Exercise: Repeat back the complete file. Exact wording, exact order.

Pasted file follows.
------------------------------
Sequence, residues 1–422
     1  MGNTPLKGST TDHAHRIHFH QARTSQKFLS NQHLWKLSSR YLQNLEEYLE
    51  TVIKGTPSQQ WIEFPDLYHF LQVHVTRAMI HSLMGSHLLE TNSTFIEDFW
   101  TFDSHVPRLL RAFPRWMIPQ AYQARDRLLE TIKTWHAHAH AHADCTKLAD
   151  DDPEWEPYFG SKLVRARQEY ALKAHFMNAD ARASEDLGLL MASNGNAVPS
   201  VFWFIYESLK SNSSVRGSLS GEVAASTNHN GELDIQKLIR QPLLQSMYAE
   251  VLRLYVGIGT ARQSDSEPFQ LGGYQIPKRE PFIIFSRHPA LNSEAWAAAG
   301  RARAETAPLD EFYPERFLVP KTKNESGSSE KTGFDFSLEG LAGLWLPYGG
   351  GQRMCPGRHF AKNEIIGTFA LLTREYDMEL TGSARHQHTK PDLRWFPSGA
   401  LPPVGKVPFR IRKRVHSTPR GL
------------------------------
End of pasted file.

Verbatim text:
Sequence, residues 1–422
     1  MGNTPLKGST TDHAHRIHFH QARTSQKFLS NQHLWKLSSR YLQNLEEYLE
    51  TVIKGTPSQQ WIEFPDLYHF LQVHVTRAMI HSLMGSHLLE TNSTFIEDFW
   101  TFDSHVPRLL RAFPRWMIPQ AYQARDRLLE TIKTWHAHAH AHADCTKLAD
   151  DDPEWEPYFG SKLVRARQEY ALKAHFMNAD ARASEDLGLL MASNGNAVPS
   201  VFWFIYESLK SNSSVRGSLS GEVAASTNHN GELDIQKLIR QPLLQSMYAE
   251  VLRLYVGIGT ARQSDSEPFQ LGGYQIPKRE PFIIFSRHPA LNSEAWAAAG
   301  RARAETAPLD EFYPERFLVP KTKNESGSSE KTGFDFSLEG LAGLWLPYGG
   351  GQRMCPGRHF AKNEIIGTFA LLTREYDMEL TGSARHQHTK PDLRWFPSGA
   401  LPPVGKVPFR IRKRVHSTPR GL